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View Full Version : Need turret tapping advice...???



torker
03-01-2008, 11:07 AM
Hey guys! I may have stumbled on a way to make this lil' lathe make some serious $$$.
Trying to figure how to do it...I need to drill and tap metric blind holes about 1 1/4" deep in the ends of 6061 round stock. No big deal to do it manually.
But to do it on the turret machine?
A stickler.. I need to do right hand thread on one end...left on the other.
I can find the right hand metric taps ok...but which ones will work the best on a turret machine? There's a lot of different taps for alu...what would you recommend?
The left handers may be a bit harder to find. I can find regular style lefthand taps but, as with the right handers...I'm not sure what style to use for power tapping that deep in alu.
I'm thinking of making a couple of releasing tap holders like JT showed us.
Thanks!
Russ

Duffy
03-01-2008, 11:15 AM
Just a suggestion, but why not e-mail Alcan, (some tech support or other,) and ask them. My guess would be some type of gun tap as long as the hole is deep enough to accept the chips at the bottom.

mochinist
03-01-2008, 11:20 AM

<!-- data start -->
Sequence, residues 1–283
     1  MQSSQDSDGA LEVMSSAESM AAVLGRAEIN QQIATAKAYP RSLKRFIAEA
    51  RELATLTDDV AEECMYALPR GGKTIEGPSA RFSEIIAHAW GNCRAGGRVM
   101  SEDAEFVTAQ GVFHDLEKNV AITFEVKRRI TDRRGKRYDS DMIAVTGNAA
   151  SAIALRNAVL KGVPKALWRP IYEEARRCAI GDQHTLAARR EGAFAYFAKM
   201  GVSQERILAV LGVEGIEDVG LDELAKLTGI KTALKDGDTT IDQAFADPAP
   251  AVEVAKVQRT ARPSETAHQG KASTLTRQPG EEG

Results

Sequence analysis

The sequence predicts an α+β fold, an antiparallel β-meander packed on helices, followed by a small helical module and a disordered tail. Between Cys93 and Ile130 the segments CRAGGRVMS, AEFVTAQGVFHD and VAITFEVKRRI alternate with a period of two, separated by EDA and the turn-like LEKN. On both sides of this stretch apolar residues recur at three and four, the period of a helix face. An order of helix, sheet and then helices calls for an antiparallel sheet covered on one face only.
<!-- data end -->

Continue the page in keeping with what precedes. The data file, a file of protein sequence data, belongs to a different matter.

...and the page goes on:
I can't help with the turret lathe portion, but a roll form tap would work nice for this and you wouldnt have to deal with cleaning out any chips in all those holes.

torker
03-01-2008, 11:33 AM
Duffy... have you looked in a catalog like KBC for aluminum taps? There are so many...hi-helix this and spiral that...high chip evac etc. I have no idea which to pick. Then there is the left hand aspect...that'll be sure to cut down on the choices.

torker
03-01-2008, 11:35 AM
Thanks Mo..I'll go look at the catalog and see what you are talking about :D
That's what I'm after..something that'll eject the chips.

Duffy
03-01-2008, 11:56 AM
Torker, I just checked a little handbook by Dormer and it recommends Cold Forming taps for aluminum "wherever possible." It further states that a 60% thread will have essentially the same strength because the threads are produced with unbroken metal grain fibres. They also state that different drill sizes are used than those for cut threads. Dormer has a western warehouse in Vancouver, (it says on the back cover.) A bonus is that chips are not an issue.

mochinist
03-01-2008, 11:56 AM